A team of scientists from the Purdue University has recently put together a new facility for the study of synthetic fuel, whose aim is to make it easier for experts to learn how fossil fuels such as coal and biomass are broken down.
These substances are usually placed inside machines called gasifiers, which break them apart into their individual components. Advancements in understanding how this happens may be used to set the foundations for synthetic fuel economy.
“A major focus is to be able to produce a significant quantity of synthetic fuel for the US air transportation system and to reduce our dependence on petroleum oil for transportation,” explains scientist Jay Gore.
The expert is the Reilly university chair professor of combustion engineering at the Purdue University.
The ultimate goal of investigations such as this one is developing methods of producing large amounts of synthetic fuel from byproducts such as biomass and agricultural wastes.
Even coal can be turned into gas using steam, and then converted back into a liquid fuel, which potentially far-reaching applications for the transport and automotive industry.
But the new technology would also have to produce less pollutants and greenhouse gases than conventional synthetic-fuel processing methods. The production of excessive amounts of carbon dioxide is a major issue for this line of study.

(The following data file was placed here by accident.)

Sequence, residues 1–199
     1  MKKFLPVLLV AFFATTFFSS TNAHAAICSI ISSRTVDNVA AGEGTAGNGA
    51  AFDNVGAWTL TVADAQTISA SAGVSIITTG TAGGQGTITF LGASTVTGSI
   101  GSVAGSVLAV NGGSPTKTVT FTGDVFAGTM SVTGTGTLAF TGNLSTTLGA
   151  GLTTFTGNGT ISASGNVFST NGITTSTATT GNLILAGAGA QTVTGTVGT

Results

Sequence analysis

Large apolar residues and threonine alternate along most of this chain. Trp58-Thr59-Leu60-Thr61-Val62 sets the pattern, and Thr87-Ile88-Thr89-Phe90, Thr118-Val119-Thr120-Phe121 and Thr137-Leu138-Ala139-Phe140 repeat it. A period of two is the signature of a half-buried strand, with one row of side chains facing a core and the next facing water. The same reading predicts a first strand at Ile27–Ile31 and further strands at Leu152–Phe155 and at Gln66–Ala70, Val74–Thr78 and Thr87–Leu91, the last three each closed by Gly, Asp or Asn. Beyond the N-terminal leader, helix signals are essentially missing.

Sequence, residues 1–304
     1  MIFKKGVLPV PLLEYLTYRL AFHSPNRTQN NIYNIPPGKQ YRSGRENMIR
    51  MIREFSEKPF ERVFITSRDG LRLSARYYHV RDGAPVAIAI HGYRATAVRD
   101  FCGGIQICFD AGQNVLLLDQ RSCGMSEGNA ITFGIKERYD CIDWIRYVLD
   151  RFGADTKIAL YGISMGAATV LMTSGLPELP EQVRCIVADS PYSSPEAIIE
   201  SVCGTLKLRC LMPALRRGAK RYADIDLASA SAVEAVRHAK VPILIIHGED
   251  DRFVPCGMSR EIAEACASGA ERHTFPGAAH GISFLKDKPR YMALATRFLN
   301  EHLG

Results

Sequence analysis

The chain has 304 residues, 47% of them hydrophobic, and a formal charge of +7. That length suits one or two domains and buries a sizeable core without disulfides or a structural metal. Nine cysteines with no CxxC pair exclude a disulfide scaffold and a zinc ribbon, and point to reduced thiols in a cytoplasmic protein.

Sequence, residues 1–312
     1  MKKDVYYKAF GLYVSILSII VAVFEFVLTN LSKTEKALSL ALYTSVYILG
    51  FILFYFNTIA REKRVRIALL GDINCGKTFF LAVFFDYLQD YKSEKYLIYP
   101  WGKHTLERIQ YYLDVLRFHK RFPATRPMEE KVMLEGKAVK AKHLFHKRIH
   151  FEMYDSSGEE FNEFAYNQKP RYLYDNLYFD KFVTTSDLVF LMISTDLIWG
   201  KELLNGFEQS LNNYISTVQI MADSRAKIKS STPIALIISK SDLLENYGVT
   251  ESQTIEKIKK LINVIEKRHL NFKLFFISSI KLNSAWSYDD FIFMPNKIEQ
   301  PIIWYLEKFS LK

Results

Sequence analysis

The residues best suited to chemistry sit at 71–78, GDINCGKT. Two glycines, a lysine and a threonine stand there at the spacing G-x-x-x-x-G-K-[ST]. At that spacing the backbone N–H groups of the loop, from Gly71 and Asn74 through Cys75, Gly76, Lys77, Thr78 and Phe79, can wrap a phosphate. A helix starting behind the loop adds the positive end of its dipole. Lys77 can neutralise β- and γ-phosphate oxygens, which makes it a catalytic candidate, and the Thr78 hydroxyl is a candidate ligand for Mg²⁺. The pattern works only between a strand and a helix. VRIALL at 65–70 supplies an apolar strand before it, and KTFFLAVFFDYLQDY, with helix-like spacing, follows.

Reducing CO2 output is possible, experts say, as is increasing the liquid fuel yield. An added bonus is that both conditions can be achieved at the same time, by adding hydrogen into the coal-and-biomass-processing reactor.
This approach was developed in the lab of Purdue Winthrop E. Stone distinguished professor of chemical engineering, Rakesh Agrawal.
“We want to show that our system is flexible for using coal and biomass. The aim is to create a sustainable synthetic fuel economy,” Gore explains.
“What's daunting is the size of the problem – how much oil we need – how much energy we need. At the right price, synthetic fuels could replace fossil fuels in all conceivable applications,” he goes on to say.
Funding for the new work comes from the US Air Force Office of Scientific Research, the Purdue team reveals.